For each risk, the RMF should explain the approach to defining risk tolerance and risk appetite. It should also pinpoint the requirements for business and functional group managers, acknowledging the risks given their business strategy, people and internal processes.

Moreover, the RMF should summarize an organization's risk management policies, risk methodologies and risk and control taxonomy, and also describe how a disparate set of internal and external risks are integrated through a common risk assessment and issue-management approach.

A strong RMF can yield a defined strategy for minimizing the impact of downside risks while optimizing the level of upside risk, helping ensure the business meets strategic objectives - including growth. What's more, it can provide clarity about the structured processes and accountabilities required to identify potential threats to an organization.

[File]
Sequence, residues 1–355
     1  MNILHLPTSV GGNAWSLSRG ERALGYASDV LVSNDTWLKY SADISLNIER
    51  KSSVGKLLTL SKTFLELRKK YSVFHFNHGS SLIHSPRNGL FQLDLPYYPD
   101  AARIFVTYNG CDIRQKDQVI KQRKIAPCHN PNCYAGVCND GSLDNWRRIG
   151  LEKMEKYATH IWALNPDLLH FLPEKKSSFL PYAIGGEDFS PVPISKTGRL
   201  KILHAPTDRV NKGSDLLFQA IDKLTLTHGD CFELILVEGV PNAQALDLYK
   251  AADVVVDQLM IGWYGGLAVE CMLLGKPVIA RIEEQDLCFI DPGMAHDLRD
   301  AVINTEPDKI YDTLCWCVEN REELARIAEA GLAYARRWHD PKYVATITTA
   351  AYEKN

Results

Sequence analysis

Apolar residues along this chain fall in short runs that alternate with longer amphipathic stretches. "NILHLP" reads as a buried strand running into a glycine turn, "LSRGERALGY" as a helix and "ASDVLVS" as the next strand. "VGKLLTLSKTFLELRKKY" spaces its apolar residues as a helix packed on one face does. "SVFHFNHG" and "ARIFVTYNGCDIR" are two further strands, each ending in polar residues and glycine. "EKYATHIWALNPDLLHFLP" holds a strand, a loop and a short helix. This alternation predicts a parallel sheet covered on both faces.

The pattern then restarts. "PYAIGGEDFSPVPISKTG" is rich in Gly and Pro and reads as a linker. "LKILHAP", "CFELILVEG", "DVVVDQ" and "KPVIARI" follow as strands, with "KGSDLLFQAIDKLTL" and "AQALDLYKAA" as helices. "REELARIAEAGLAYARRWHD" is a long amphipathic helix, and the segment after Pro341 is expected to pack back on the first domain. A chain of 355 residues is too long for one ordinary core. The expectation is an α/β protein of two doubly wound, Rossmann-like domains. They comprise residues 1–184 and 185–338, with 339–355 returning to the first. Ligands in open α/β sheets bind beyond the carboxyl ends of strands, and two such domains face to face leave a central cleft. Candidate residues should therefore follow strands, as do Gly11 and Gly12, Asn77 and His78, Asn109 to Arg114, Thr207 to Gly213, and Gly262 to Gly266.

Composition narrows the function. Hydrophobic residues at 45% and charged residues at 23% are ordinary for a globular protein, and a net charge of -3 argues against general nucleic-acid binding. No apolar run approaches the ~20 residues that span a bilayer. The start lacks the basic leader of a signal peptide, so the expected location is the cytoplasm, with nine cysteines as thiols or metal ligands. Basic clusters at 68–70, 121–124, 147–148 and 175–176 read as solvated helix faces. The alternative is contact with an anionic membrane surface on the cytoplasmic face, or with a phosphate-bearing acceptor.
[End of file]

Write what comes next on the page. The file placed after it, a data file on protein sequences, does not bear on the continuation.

Risk Management Policies

External or internal obligations - including regulation, legislation and management-desired outcomes - should be reflected in risk management policies. Typically, a risk policy describes how to identify events, reduce harmful outcomes, invoke consistent methodology, review past incidents and prevent or reduce future incidents. For qualitative risks, to calculate or subjectively assess risk ratings, a risk policy should describe quantitative and qualitative risk factors for the impact and likelihood of a potential risk.

All aspects of the RMF are typically reflected in one or more risk management policies.

Risk, Control and Business Taxonomy

Risk taxonomies should be established for both financial risks - such as market, credit and liquidity risks - and non-financial risks - such as operational process, human resource, third-party, cyber, compliance and other qualitative risks.